voluntary expression of how the company will live out its regulated action.
The arena of corporate policy is fertile field for the development of
compliance law. When a company adopts a policy that indicates how it will
carry out and comply with a law, what is the company’s liability when the
company does not comply with its own policy but there is a strong argument
that no law has been broken? Can a regulated agency hold the company
accountable for violating an actual regulation (promulgated with at least a
deference to the notion that it is a binding law) if the company would not
have been out of conformance if it had not adopted a policy? This seems a
question with an answer that is straight forward – of course not. An actor
cannot be liable for breaking the law if no law has been broken. But legal
maxims of ancient origin have a tendency to fall in the wake of a tide of laws
and this seems to be something on the rise now. A host of laws purport to
hold the organization to a higher standard than the letter of the law if the
organization so chooses to go beyond the letter of the law. 30 If a law sets up
a structure so that X is required and non-compliance with X is subject to
penalties and the same law also allows a contingency that the actor can
voluntarily adopt X+Y as an obligation and be subject to penalties even if the
actor is only in non-compliance with Y (but in compliance with X), then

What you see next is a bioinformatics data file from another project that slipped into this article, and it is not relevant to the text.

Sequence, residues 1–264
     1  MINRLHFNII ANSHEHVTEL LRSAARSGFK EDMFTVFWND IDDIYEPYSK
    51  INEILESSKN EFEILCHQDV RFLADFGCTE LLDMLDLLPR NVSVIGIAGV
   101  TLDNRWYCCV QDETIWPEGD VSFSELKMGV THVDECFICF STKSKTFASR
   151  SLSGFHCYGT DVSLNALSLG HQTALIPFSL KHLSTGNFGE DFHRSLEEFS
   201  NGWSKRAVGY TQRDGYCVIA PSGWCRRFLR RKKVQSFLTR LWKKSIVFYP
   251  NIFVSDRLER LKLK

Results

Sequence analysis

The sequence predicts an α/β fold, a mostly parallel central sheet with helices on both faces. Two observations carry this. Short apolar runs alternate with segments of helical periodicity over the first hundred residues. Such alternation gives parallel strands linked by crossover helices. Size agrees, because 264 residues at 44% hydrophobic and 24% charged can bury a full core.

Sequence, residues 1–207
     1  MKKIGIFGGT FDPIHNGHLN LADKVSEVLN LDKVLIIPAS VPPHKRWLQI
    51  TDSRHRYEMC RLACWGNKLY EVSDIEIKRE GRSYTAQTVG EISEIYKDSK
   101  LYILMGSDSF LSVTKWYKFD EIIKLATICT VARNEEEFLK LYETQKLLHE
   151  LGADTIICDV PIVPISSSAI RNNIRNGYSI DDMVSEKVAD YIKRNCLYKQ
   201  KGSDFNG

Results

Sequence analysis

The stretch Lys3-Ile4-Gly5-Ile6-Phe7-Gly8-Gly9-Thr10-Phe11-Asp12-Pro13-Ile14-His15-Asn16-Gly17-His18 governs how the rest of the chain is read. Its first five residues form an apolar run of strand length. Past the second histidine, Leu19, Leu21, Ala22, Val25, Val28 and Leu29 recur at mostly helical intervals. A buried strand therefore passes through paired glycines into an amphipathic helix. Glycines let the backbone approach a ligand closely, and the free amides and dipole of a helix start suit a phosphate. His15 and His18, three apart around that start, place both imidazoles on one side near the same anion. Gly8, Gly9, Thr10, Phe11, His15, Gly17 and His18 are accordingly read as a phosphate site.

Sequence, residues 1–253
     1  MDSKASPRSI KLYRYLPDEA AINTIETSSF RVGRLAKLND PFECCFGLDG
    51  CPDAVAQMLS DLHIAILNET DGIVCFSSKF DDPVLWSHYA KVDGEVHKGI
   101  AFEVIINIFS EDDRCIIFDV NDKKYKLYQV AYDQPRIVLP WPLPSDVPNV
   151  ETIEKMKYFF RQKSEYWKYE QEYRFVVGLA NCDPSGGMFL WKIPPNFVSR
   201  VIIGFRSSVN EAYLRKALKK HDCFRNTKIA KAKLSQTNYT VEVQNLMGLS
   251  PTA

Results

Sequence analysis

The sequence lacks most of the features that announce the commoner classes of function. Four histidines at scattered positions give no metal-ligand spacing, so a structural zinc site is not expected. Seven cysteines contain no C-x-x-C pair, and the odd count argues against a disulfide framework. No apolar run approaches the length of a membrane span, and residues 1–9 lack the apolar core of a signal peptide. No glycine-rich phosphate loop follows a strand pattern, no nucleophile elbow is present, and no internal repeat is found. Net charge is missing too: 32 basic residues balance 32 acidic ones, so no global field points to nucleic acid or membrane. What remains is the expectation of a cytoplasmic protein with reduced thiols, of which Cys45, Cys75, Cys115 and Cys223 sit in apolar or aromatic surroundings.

policy has become a type of law.
Now, to be sure, the common law certainly holds civil subjects
accountable for living up to their promises under contract law. Violations of
policy may have interesting enforcement mechanisms by parties to which
obligations are owed or promises are made. But the common law is enforced
by private parties and is not a state prosecution regime. Moreover, the goal
of the common law is to restore the parties to their original position (even if
not actually possible, then at least proximately to their original position
through pecuniary means). The state’s power in a regulation is often to
punish. A penalty does not restore the proper ordering of civil society but it
extracts a punishment. Regulatory penalties have more than the brush of
penal character. So then, can voluntary adoption of policies that go beyond
the words of a regulation subject the policy adopter to suffer the pains of state
penalties? This is the task of compliance law to sort out. I would not bet
money on the letter of the law being the guide-star of the arc of legal history.
C. Ethics as a Source of Compliance
Ethics is the final source of compliance this article identifies. It seems to
go without saying that law and policy must be grounded in ethics and doing
the right thing, assuming we agree that ethics is about doing the right thing.
30. For example, health care organizations may be held to higher standards than the law
requires in promises made in their Notices of Privacy Practices. 45 C.F.R. § 164.520 (2003).